You’ve started the next chapter of your career and have entered the world of IT freelancing. The benefits to this way of working are now in your grasp- professional freedom, flexibility and a chance to demonstrate your particular IT expertise.

However, these perks are not guaranteed in today’s highly competitive world. So how can you make them a reality? For those in search of an answer, there are a number of ways that can help ensure that your decision to go freelance is the best of your career.

Firstly, pay as much attention to your ‘soft skills’ as your technical skills. In order to maintain and develop your professional network, a personable approach is vital. After all, everyone responds positively to those who are interested in them as person, not merely as another stepping stone in their career. Arguably the most beneficial skill that will help you manage your workload and create the best impression is communication.

Communication allows you to be open with your clients, creating an understanding relationship. This, in turn, will help with stress management. For example, if you ever had to push back on a request, the art of communication will help you reach a mutually beneficial solution or compromise. Clear communication will also benefit your organisational and problem-solving skills. By ensuring that your client is not kept in the dark about the progress of your project, you will create an open relationship with them. Creating a ‘breathing space’ to consider requests and ideas will help you to manage your time better and give you the opportunity to efficiently solve problems if or when they arise. By nurturing these skills, not only will you win your clients’ trust, but you will also be able to reduce your own stress and deliver higher quality results.

As a freelancer, you may be required to work onsite at your client for a set period of time, ingratiating yourself in a team and new office culture. This provides the benefits of being surrounded by other people and understanding the company better, so it is important to ingratiate yourself with your temporary colleagues. By doing this you will feel more at home in the office during your time there and more comfortable in a new environment.

Even though you may be with a company for a short amount of time, make the effort to engage with your temporary colleagues. Little things such as a smile and a ‘good morning’ go a long way. If the team eat lunch together, don’t hesitate to join them! Despite the fact that you may not be a part of their organisation for long, the giving and taking of friendly exchanges can brighten your day and offer an extra positive freelancing experience.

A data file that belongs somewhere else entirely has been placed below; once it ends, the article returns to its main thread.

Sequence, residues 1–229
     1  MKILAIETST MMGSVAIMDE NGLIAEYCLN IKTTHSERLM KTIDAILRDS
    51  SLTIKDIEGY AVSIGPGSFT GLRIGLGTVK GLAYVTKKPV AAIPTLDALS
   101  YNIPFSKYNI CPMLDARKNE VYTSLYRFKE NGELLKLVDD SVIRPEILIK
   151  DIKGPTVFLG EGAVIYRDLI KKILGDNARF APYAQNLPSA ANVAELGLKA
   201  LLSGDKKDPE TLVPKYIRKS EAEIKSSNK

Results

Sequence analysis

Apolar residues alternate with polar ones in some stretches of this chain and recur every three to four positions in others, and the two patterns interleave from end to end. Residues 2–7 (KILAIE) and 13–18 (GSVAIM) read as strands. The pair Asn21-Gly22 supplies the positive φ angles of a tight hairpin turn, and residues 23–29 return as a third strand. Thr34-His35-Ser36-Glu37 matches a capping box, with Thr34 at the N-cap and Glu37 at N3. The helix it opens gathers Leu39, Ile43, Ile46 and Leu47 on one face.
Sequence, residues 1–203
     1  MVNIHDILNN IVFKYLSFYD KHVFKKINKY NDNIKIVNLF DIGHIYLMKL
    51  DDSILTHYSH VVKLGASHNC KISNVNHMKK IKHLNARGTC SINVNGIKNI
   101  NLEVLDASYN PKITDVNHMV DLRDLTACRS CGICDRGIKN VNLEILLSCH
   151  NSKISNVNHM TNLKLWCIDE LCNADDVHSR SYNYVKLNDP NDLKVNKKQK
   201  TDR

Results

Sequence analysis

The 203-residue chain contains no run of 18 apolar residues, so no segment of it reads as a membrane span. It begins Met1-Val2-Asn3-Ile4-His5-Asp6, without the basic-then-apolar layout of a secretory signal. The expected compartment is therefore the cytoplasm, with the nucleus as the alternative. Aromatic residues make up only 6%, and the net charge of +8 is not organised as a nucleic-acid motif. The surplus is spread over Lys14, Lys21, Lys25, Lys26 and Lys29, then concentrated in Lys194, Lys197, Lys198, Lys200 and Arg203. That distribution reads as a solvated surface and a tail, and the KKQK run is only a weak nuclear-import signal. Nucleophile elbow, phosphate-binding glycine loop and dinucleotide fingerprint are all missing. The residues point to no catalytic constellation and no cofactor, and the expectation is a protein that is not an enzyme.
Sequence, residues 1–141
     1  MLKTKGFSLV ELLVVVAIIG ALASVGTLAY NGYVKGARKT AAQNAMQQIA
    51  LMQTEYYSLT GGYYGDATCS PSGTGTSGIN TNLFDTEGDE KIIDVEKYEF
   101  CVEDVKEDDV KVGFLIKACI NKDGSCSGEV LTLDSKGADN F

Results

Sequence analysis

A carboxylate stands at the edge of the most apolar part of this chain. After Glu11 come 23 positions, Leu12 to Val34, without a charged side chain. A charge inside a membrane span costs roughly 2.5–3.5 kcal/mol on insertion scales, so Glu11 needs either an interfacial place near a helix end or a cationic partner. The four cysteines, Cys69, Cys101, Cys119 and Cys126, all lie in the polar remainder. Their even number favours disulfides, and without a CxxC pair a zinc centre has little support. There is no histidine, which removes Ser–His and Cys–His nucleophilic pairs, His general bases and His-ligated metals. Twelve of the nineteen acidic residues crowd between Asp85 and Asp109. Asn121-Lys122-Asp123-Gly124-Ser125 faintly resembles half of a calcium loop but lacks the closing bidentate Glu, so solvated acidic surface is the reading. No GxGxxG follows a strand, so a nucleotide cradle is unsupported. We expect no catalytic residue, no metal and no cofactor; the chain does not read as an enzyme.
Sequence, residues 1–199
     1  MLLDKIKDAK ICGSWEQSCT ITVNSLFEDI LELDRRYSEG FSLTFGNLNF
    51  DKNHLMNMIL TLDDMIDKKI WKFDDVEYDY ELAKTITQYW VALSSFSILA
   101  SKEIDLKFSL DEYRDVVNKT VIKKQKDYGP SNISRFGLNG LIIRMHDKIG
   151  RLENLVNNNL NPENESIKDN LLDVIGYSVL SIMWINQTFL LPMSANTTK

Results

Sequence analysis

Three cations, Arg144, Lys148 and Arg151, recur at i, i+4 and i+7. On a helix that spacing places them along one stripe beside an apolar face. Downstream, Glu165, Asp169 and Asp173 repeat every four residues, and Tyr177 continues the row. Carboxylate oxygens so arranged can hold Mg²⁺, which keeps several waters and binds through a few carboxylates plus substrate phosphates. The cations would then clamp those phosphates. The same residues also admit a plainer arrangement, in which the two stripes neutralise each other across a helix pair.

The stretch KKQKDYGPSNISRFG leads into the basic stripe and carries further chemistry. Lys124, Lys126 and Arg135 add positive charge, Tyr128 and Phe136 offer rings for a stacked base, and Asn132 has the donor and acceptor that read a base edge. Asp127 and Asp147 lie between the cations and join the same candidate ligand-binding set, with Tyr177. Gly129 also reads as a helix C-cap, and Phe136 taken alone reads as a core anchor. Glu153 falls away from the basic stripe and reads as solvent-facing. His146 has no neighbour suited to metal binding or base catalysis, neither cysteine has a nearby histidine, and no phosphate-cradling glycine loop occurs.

The absence of a permanent office in an IT freelancer’s life means that they are flying solo not only when it comes to their work, but also their professional branding and reputation. It is therefore important to pay attention to administrative procedures and how you present yourself to both current and prospective clients. Three important things to consider are:

A Contract

Without exception, you must use a contract for every project you undertake. This will not only provide both yourself and your client with security, but it will demonstrate that you are both thorough and conscientious. Templates for contracts can be found online and can be edited to suit your own needs.

Client Feedback

A prospective client will want to find out more about you when considering working with you. It is important to reassure them as much as you can that you are an efficient and trustworthy and that you know your stuff. Positive testimonials and client ratings will help make a great first impression. Amass the ones you already have, or request some new ones. These can be added to your CV, website or in the form of a recommendation on LinkedIn.

Professional Social Media Profiles

If you don’t have your own website or online presence other than your social media accounts, ensure that you present yourself in a suitable manner in case a prospective client finds you online. Make the most of LinkedIn by having a professional profile and cover photo, as well as a good summary and up to date entries for your employment and qualifications. Your Twitter, Facebook and Instagram must also be free of inappropriate content.

With these tips, you can make sure that your life as an IT freelancer remains the career move you were always hoping for. By being conscientious of how you present yourself and your personal brand you will reap the rewards of being an independent professional. By building strong relationships with your network you will have the foundations to make each project a success. Communication and organisation are key, making it easier for you to allow time for yourself and excel in your work.

 

Ottilie Wood, Marketing Executive based at K2 Partnering Solutions HQ in London.

 

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